The former program manager of Blue Origin’s BE-4 rocket engines has filed a lawsuit against the company alleging whistleblower retaliation after he spoke up about safety issues.
The complaint was filed on Monday in the Los Angeles County Superior Court. It includes a detailed narrative about program manager Craig Stoker’s efforts over seven months to escalate his concerns over safety and a hostile work environment at Blue Origin.
Allegedly, Stoker told two VPs in May 2022 that then-CEO Bob Smith’s behavior caused employees “to frequently violate safety procedures and processes in order to meet unreasonable deadlines.” Smith would “explode” when issues would arise, generating a hostile work environment, the complaint says. Stoker sent a follow up email to the two VPs – Linda Cova, VP of the engines business unit, and Mary Plunkett, senior VP of human resources – that included a formal complaint against Smith.
“Myself, my leadership team and others throughout the company should not have to constantly apologize and make excuses to ourselves and our teams for the CEO’s bad behavior,” the email states. “We spend significant time smoothing things over, building back morale, repairing damage, stopping people from overreacting […] The hostile work environment […] is creating a safety and quality hazard for our people, products and customers.”
TechCrunch contacted Blue Origin for comment and will update the story if they respond.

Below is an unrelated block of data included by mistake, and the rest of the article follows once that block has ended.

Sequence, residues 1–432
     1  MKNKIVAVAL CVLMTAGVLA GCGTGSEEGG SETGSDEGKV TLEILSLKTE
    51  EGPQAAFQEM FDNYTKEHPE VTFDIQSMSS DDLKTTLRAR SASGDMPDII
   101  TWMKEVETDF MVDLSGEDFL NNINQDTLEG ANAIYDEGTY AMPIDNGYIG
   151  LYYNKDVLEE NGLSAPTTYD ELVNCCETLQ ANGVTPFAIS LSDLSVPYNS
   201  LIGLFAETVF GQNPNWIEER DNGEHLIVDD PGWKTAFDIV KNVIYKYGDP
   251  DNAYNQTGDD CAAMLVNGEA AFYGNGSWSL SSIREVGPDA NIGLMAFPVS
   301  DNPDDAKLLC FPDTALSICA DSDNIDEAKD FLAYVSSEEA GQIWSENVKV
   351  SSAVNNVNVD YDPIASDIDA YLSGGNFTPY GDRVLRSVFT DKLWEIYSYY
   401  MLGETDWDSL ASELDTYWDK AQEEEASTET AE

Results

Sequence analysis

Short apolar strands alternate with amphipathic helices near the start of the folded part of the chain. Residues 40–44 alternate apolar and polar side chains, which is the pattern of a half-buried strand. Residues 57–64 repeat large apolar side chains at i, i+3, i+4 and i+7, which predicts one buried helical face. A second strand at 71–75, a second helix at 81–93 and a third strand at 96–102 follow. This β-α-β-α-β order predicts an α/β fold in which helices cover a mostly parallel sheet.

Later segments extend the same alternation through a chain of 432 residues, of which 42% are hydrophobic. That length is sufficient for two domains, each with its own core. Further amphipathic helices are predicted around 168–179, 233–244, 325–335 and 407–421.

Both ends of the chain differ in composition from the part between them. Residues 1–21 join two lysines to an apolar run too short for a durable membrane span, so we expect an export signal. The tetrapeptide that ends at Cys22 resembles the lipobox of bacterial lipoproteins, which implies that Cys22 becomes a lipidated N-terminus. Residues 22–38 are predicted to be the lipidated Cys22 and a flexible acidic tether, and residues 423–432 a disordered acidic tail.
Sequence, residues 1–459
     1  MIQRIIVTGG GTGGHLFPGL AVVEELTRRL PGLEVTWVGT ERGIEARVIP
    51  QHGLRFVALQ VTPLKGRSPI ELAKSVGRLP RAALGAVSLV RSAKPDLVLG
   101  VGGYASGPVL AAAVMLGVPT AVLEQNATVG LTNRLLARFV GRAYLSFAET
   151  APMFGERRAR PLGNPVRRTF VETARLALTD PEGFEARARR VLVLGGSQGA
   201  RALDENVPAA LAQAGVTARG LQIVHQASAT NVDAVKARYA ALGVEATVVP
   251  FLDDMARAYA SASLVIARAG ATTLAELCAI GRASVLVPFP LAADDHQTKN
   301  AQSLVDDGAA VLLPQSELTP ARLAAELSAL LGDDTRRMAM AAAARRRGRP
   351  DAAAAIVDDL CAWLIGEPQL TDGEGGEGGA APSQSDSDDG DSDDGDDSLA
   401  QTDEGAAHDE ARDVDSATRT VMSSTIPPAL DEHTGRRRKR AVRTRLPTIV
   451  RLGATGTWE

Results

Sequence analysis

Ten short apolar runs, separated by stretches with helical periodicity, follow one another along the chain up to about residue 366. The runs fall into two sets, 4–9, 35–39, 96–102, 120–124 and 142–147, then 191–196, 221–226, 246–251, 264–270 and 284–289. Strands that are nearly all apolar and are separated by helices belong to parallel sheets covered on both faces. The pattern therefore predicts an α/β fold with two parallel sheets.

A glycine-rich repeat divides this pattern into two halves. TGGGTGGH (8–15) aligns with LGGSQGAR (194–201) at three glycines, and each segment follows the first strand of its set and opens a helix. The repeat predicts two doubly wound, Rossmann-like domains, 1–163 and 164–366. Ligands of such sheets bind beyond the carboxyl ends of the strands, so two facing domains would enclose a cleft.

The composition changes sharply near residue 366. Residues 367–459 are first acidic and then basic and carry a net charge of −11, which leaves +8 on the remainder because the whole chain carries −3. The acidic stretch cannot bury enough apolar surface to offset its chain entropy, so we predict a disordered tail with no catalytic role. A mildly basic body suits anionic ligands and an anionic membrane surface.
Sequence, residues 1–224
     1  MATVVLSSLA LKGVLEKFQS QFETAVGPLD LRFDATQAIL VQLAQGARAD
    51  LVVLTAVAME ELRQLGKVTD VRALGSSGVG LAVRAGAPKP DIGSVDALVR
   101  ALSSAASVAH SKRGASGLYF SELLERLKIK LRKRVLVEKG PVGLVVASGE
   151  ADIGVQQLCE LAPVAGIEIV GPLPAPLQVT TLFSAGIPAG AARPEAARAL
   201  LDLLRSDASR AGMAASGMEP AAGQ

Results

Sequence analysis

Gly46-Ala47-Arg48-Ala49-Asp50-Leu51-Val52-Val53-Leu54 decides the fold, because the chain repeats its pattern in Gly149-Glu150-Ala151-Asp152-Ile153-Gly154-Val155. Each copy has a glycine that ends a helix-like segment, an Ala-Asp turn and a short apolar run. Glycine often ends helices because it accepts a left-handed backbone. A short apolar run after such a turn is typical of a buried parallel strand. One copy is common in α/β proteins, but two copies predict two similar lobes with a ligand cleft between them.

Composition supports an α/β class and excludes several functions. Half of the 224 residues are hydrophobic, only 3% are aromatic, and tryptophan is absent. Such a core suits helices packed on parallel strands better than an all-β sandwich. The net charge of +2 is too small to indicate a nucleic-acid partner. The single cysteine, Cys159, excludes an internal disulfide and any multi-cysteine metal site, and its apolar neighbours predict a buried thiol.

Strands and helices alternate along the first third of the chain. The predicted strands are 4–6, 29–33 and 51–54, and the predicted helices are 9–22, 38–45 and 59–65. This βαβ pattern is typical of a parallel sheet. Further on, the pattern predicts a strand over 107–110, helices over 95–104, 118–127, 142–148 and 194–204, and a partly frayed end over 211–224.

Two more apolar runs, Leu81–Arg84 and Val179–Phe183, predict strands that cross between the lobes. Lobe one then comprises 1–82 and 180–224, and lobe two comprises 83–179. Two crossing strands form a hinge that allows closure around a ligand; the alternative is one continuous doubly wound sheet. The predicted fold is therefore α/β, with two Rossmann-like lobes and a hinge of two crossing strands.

When Stoker inquired into a separate investigation into Smith’s behavior, Plunkett told him that it had been closed and Smith was receiving “coaching.”
Stoker learned that a fellow employee had nearly asphyxiated while working under an engine nozzle just a few months after formally filing his complaint. He brought the concerns to Michael Stevens, VP of safety and mission assurance; the complaint says that Stoker was “brushed off.” In August, Stoker sent another email to leadership raising concerns that 9 people on the engine team were working “24+” hour shifts to ensure the engine was delivered to customer United Launch Alliance on time.
No doubt the company was feeling the pressure to make deliveries; Blue Origin’s BE-4 will power United Launch Alliance’s Vulcan launch vehicle, which is now expected to make its much-delayed debut around Christmas. According to the complaint, Blue Origin’s contract with ULA requires the company to communicate issues that could impact rocket delivery one year in advance; Stoker wanted to tell ULA the engines would likely be delayed.
But Smith had allegedly instructed Stoker not to share these production and delivery issues with ULA.
Ultimately, Blue Origin HR concluded that Smith did not create a hostile work environment, nor violate any company policies, after an internal investigation. Stoker objected to this conclusion; the complaint says that Stoker later learned that no one from the engine program were interviewed as part of the investigation.
The lawsuit alleges that HRs reluctance to conduct the investigation was because the complainant – Stoker – was male: “As a male, they expected him to deal with his problems on his own and ‘whine’ less – leaving Stoker with no recourse nor resource to raise his concerns against the company’s most powerful officer.”
Stoker was terminated on October 7, seven months after he raised his first safety concern. The complaint is clear about who was behind this decision: “Smith spearheaded this termination due to Stoker’s complaints against him, his raising of safety / ethical / legal issues, and the fact that many of these reports aimed to hamper his production / delivery schedule.”
Blue Origin announced that Bob Smith was stepping down from his role as CEO in September, after a nearly six-year tenure. His tenure was marked by success – including growing the team from less than 1,000 people to over 12,000 and landing a number of high-profile, high-value contracts with NASA. But it was not without serious controversy, including allegations of a culture of sexism among senior executives.